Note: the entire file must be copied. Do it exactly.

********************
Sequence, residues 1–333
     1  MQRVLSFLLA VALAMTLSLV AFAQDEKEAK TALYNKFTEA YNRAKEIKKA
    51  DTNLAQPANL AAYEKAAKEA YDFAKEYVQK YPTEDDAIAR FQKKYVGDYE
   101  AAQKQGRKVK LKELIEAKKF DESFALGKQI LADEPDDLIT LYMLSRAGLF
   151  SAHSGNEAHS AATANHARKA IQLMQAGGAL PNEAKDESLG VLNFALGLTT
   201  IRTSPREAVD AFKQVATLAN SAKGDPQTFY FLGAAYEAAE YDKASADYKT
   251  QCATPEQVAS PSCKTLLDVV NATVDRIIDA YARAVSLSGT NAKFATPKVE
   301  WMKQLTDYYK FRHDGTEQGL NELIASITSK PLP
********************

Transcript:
Sequence, residues 1–333
     1  MQRVLSFLLA VALAMTLSLV AFAQDEKEAK TALYNKFTEA YNRAKEIKKA
    51  DTNLAQPANL AAYEKAAKEA YDFAKEYVQK YPTEDDAIAR FQKKYVGDYE
   101  AAQKQGRKVK LKELIEAKKF DESFALGKQI LADEPDDLIT LYMLSRAGLF
   151  SAHSGNEAHS AATANHARKA IQLMQAGGAL PNEAKDESLG VLNFALGLTT
   201  IRTSPREAVD AFKQVATLAN SAKGDPQTFY FLGAAYEAAE YDKASADYKT
   251  QCATPEQVAS PSCKTLLDVV NATVDRIIDA YARAVSLSGT NAKFATPKVE
   301  WMKQLTDYYK FRHDGTEQGL NELIASITSK PLP